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Vernal Pool Trail in the Santa Rosa Plateau

One of the largest vernal pools in California (39 acres at maximum capacity) lies in a shallow depression atop near-flat Mesa de Colorado, in southwest Riverside County’s Santa Rosa Plateau Ecological Reserve. Small vernal pools were, before the spread of cities and suburbs, common in coastal San Diego County. Here, not far from the sprawling cities of Temecula and Murrieta, you can see a vernal pool that is both undisturbed and framed by a backdrop of gorgeous natural scenery. That scenery promises to be engaging to the senses for at least the next three months because of the generous amount of rainfall that fell in the area late last year.

To get to the pool’s access point, head north on Interstate 15 into Riverside County. Beyond Temecula, stay left on I-15 as you approach the I-15/I-215 split. Proceed about five miles farther to the Clinton Keith Road exit in Murrieta. Go south on Clinton Keith Road five miles to the Santa Rosa Plateau visitor center, on the left, worth a visit if you have never been to the reserve. You can pay a small fee for day-use parking here or else farther up the road at the Vernal Pool Trailhead. To reach that trailhead, continue heading south on Clinton Keith Road and make no turns off of the main road as the route changes its name to Tenaja Road and finally Via Volcano. The large parking lot for the Vernal Pool Trail is open from sunrise to sunset daily.

Out of your car now, walk due east on the wide, nearly flat Vernal Pool Trail. On winter and spring weekends, this is far and away the most popular trail within the reserve. You and your kids are welcome, but pets and mountain bikes are not. Travel east just 0.6 mile to reach the north side of the large pool, where a boardwalk allows you to approach the pool’s “shoreline.”

The hard-pan surface underneath vernal pools is generally impervious to water, so once filled during winter storms, the pools dry only by evaporation. Unusual and sometimes unique species of flowering plants have evolved around the perimeter of many vernal pools, including this one. As the watery perimeter contracts during the steadily lengthening and warming days of the spring season, successive waves of annual wildflowers bloom along the pool’s moist margin. By July or August, after weeks or months of drought, there’s nothing to be seen but a desiccated depression, its barren surface glaring in the hot sun.

The large pool is also a home for fairy shrimp of several species, and for the spadefoot toad, whose egg clusters may be quite conspicuous.

Vernal Pool Trail
Discover one of California’s largest vernal pools at its fullest phase.
Distance from downtown San Diego: 72 miles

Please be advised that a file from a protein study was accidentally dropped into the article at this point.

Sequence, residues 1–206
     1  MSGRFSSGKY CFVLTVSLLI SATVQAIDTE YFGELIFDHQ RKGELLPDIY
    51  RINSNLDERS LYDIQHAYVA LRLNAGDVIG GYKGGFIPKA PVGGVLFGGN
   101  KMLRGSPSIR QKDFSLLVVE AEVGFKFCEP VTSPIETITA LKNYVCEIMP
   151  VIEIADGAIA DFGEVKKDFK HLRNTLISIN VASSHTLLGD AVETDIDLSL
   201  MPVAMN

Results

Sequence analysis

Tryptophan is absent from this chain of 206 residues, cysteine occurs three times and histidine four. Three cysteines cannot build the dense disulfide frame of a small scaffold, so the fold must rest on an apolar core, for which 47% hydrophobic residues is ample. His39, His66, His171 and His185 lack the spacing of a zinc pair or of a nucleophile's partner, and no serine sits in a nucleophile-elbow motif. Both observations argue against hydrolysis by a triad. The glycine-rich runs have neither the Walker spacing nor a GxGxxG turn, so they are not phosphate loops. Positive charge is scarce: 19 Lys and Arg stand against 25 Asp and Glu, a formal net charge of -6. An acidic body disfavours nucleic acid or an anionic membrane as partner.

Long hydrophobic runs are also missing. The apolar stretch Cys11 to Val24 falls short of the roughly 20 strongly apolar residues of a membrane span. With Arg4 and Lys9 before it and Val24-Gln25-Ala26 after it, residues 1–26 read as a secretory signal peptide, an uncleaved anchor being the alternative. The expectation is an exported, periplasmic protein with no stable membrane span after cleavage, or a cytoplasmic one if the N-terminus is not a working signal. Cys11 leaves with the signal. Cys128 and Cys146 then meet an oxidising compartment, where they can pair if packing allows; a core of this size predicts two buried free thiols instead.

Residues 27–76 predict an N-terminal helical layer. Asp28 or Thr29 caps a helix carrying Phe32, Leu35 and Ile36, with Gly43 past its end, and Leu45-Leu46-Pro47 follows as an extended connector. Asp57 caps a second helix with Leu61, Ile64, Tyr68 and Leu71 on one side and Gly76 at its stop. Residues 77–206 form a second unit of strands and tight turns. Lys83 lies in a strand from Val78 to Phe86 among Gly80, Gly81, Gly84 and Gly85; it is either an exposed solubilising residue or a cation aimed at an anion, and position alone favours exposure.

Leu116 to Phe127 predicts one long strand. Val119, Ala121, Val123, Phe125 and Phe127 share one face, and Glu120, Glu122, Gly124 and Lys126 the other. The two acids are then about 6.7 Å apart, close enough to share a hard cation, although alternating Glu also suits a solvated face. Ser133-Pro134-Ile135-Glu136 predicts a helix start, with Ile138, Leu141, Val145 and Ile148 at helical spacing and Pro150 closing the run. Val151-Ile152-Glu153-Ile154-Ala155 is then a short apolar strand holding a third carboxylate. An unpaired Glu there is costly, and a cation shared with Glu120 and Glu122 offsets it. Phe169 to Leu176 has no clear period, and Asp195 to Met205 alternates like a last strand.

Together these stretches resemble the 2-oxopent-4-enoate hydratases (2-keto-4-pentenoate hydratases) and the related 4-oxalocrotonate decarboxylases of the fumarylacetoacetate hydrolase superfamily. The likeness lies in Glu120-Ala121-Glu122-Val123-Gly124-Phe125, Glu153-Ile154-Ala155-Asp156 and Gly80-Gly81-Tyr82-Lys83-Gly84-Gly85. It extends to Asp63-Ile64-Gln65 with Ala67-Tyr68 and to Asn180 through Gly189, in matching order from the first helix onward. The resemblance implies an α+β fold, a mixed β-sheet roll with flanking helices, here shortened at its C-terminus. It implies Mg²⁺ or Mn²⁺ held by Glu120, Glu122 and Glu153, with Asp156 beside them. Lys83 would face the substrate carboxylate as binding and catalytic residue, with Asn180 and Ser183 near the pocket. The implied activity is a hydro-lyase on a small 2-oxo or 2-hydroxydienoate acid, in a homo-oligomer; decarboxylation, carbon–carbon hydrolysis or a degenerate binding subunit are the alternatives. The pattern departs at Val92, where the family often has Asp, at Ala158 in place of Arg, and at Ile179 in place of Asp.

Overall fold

Hiking length: 1.2 miles round trip
Difficulty: Easy

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One of the largest vernal pools in California (39 acres at maximum capacity) lies in a shallow depression atop near-flat Mesa de Colorado, in southwest Riverside County’s Santa Rosa Plateau Ecological Reserve. Small vernal pools were, before the spread of cities and suburbs, common in coastal San Diego County. Here, not far from the sprawling cities of Temecula and Murrieta, you can see a vernal pool that is both undisturbed and framed by a backdrop of gorgeous natural scenery. That scenery promises to be engaging to the senses for at least the next three months because of the generous amount of rainfall that fell in the area late last year.

To get to the pool’s access point, head north on Interstate 15 into Riverside County. Beyond Temecula, stay left on I-15 as you approach the I-15/I-215 split. Proceed about five miles farther to the Clinton Keith Road exit in Murrieta. Go south on Clinton Keith Road five miles to the Santa Rosa Plateau visitor center, on the left, worth a visit if you have never been to the reserve. You can pay a small fee for day-use parking here or else farther up the road at the Vernal Pool Trailhead. To reach that trailhead, continue heading south on Clinton Keith Road and make no turns off of the main road as the route changes its name to Tenaja Road and finally Via Volcano. The large parking lot for the Vernal Pool Trail is open from sunrise to sunset daily.

Out of your car now, walk due east on the wide, nearly flat Vernal Pool Trail. On winter and spring weekends, this is far and away the most popular trail within the reserve. You and your kids are welcome, but pets and mountain bikes are not. Travel east just 0.6 mile to reach the north side of the large pool, where a boardwalk allows you to approach the pool’s “shoreline.”

The hard-pan surface underneath vernal pools is generally impervious to water, so once filled during winter storms, the pools dry only by evaporation. Unusual and sometimes unique species of flowering plants have evolved around the perimeter of many vernal pools, including this one. As the watery perimeter contracts during the steadily lengthening and warming days of the spring season, successive waves of annual wildflowers bloom along the pool’s moist margin. By July or August, after weeks or months of drought, there’s nothing to be seen but a desiccated depression, its barren surface glaring in the hot sun.

The large pool is also a home for fairy shrimp of several species, and for the spadefoot toad, whose egg clusters may be quite conspicuous.

Vernal Pool Trail
Discover one of California’s largest vernal pools at its fullest phase.
Distance from downtown San Diego: 72 miles
Hiking length: 1.2 miles round trip
Difficulty: Easy

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